Why a Recession May Give CRE an Advantage
As an investor, you don’t want to wish anyone bad luck but it might comfort you to know that you may benefit if the economy declines.
While nobody wants a recession, they are at times a natural result of the business cycle. Although the pandemic recession was an exception in that regard, there is a good probability that the United States could go through another one in the near- to mid-term.
In a recession, the strongest companies will probably profit first, albeit at the expense of weaker ones. According to Jahn Brodwin, co-leader of the real estate solutions business and senior managing director at FTI Consulting, “patience and working capital are typically the two ingredients that insure a successful real estate investment. When an investor lacks one or both of these during a recession, it can lead to forced sales at inopportune times at less-than-optimal prices or worse, lead to foreclosures. The corollary to that, of course, is that those with the funds available today will likely have some excellent buying opportunities.” The CEO of the Klotz Group of Companies, Jeff Klotz, contends that the typical ebb and flow is “healthy.”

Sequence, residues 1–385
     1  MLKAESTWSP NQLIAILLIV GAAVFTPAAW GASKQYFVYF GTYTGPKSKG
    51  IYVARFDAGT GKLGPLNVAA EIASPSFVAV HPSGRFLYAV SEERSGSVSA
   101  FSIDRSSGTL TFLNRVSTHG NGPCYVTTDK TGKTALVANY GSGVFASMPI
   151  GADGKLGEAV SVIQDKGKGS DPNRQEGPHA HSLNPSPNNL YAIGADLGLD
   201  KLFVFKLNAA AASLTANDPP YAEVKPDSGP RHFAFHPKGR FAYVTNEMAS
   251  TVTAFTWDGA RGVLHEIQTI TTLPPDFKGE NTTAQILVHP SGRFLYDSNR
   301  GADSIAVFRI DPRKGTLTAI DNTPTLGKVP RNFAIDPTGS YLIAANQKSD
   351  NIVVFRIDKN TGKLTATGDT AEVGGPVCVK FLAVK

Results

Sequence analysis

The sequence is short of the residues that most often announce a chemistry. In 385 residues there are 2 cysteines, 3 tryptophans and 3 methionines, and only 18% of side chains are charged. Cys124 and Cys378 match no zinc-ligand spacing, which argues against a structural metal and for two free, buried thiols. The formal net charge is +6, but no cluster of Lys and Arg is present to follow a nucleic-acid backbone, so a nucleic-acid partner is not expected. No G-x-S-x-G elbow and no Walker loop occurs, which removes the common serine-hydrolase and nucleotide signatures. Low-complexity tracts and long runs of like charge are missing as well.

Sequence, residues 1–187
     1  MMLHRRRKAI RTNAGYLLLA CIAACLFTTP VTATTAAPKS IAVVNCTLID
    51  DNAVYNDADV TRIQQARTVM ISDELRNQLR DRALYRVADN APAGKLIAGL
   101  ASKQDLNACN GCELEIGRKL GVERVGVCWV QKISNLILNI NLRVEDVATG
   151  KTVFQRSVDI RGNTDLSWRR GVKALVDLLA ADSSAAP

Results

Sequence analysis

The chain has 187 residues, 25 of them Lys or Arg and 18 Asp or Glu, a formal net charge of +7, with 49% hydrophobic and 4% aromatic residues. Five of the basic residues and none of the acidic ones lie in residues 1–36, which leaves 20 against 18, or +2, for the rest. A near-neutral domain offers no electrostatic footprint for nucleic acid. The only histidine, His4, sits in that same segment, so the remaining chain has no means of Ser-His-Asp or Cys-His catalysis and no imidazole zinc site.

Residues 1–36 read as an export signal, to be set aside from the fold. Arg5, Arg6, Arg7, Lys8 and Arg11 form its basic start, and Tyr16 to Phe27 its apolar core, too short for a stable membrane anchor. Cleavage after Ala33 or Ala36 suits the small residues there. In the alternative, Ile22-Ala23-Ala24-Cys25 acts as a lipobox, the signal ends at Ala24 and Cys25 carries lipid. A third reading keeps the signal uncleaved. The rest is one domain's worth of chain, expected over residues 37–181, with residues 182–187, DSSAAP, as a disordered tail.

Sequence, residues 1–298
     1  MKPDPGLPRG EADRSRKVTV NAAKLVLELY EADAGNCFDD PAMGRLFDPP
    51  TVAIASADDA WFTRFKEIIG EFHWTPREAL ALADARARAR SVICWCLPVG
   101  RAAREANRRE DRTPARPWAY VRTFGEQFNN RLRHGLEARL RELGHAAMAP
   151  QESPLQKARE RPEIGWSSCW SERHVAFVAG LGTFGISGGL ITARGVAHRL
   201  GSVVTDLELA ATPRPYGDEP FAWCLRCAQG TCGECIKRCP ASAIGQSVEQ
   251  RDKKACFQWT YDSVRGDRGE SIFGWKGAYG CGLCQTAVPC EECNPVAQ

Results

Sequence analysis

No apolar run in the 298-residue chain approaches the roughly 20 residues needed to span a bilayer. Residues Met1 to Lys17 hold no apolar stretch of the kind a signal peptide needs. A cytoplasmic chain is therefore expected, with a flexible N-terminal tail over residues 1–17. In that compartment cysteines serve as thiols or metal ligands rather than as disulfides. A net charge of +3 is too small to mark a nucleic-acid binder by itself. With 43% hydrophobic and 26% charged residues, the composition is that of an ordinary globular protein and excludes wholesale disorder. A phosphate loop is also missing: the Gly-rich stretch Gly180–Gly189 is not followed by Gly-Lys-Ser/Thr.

According to Klotz, “A recession in today’s economy will slow inflation and generally level out the economy which is good for everyone… It will also ease up on the challenges created from the current ‘boom economy’ and make the availability of reasonably priced goods, materials, and labor much more accessible which is something that is extremely beneficial for commercial real estate.”
While wood prices have decreased and are now at 2018 levels rather than the absurd heights of last summer, there are still significant supply chain issues for many other building products and materials. Eddie Lorin, founder and CEO of Alliant Strategic Development, concurs that removing pricing pressure off materials, combined with greater stabilization of construction labor and increased rents, is “really not that bad for developers of market rate apartments.” A general slowdown could provide some breathing room for the whole supply chain.
Naturally, with all these factors in consideration, it is assumed that a recession is imminent. Not everybody is confident. Palladius Capital Management CEO, Nitin Chexal asks, “What recession?… Unemployment is sitting at 3.5% with several million job openings. We are seeing supply chain issues begin to moderate. Rental demand from multifamily to student housing to industrial remains robust. The overall health of the economy continues to be favorable for commercial real estate.”
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